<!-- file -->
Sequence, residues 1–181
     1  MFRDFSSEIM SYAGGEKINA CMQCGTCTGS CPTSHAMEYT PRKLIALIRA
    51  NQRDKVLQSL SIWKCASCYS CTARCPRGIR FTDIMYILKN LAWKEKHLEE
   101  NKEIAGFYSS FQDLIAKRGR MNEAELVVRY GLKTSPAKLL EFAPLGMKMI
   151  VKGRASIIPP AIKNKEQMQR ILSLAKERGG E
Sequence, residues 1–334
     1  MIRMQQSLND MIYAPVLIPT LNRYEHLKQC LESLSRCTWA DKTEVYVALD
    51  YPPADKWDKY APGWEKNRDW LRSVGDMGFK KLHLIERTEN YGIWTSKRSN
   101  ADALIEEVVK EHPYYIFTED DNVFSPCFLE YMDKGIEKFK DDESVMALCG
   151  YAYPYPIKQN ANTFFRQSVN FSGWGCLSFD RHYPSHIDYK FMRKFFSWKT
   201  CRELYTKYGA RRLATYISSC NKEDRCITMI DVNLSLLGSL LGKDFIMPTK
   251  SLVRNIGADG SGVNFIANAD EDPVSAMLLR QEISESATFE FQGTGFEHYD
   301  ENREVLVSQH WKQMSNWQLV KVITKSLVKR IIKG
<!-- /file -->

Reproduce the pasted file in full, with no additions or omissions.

Sequence, residues 1–181
     1  MFRDFSSEIM SYAGGEKINA CMQCGTCTGS CPTSHAMEYT PRKLIALIRA
    51  NQRDKVLQSL SIWKCASCYS CTARCPRGIR FTDIMYILKN LAWKEKHLEE
   101  NKEIAGFYSS FQDLIAKRGR MNEAELVVRY GLKTSPAKLL EFAPLGMKMI
   151  VKGRASIIPP AIKNKEQMQR ILSLAKERGG E
Sequence, residues 1–334
     1  MIRMQQSLND MIYAPVLIPT LNRYEHLKQC LESLSRCTWA DKTEVYVALD
    51  YPPADKWDKY APGWEKNRDW LRSVGDMGFK KLHLIERTEN YGIWTSKRSN
   101  ADALIEEVVK EHPYYIFTED DNVFSPCFLE YMDKGIEKFK DDESVMALCG
   151  YAYPYPIKQN ANTFFRQSVN FSGWGCLSFD RHYPSHIDYK FMRKFFSWKT
   201  CRELYTKYGA RRLATYISSC NKEDRCITMI DVNLSLLGSL LGKDFIMPTK
   251  SLVRNIGADG SGVNFIANAD EDPVSAMLLR QEISESATFE FQGTGFEHYD
   301  ENREVLVSQH WKQMSNWQLV KVITKSLVKR IIKG